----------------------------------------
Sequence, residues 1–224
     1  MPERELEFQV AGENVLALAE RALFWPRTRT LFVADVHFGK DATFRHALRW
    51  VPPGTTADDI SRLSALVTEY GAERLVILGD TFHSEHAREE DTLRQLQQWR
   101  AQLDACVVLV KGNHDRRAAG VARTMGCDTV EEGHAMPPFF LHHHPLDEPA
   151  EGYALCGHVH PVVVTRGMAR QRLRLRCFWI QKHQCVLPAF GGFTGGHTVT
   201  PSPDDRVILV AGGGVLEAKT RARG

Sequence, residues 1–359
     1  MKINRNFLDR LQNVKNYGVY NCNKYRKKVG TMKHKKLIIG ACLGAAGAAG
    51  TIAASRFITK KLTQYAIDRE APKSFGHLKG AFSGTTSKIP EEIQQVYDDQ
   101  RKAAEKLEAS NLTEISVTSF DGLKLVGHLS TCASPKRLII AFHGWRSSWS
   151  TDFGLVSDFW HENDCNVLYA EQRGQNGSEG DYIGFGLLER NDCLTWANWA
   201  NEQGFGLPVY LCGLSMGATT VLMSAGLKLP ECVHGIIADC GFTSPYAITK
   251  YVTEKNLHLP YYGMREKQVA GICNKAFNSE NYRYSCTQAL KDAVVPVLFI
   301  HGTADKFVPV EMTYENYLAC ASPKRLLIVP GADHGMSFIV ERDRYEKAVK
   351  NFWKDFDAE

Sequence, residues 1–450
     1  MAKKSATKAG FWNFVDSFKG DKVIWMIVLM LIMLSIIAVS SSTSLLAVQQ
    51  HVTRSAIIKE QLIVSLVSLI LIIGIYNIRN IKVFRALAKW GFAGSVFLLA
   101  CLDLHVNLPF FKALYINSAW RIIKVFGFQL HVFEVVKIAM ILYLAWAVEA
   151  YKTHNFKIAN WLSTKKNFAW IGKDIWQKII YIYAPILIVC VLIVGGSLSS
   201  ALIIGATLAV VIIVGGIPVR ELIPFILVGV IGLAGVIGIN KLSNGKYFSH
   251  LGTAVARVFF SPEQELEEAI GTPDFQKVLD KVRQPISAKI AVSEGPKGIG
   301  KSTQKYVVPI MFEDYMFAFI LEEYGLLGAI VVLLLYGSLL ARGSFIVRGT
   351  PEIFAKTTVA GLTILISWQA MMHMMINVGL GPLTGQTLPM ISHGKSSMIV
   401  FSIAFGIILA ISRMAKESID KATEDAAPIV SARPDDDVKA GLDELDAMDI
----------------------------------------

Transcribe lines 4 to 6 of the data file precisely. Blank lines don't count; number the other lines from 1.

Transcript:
   101  AQLDACVVLV KGNHDRRAAG VARTMGCDTV EEGHAMPPFF LHHHPLDEPA
   151  EGYALCGHVH PVVVTRGMAR QRLRLRCFWI QKHQCVLPAF GGFTGGHTVT
   201  PSPDDRVILV AGGGVLEAKT RARG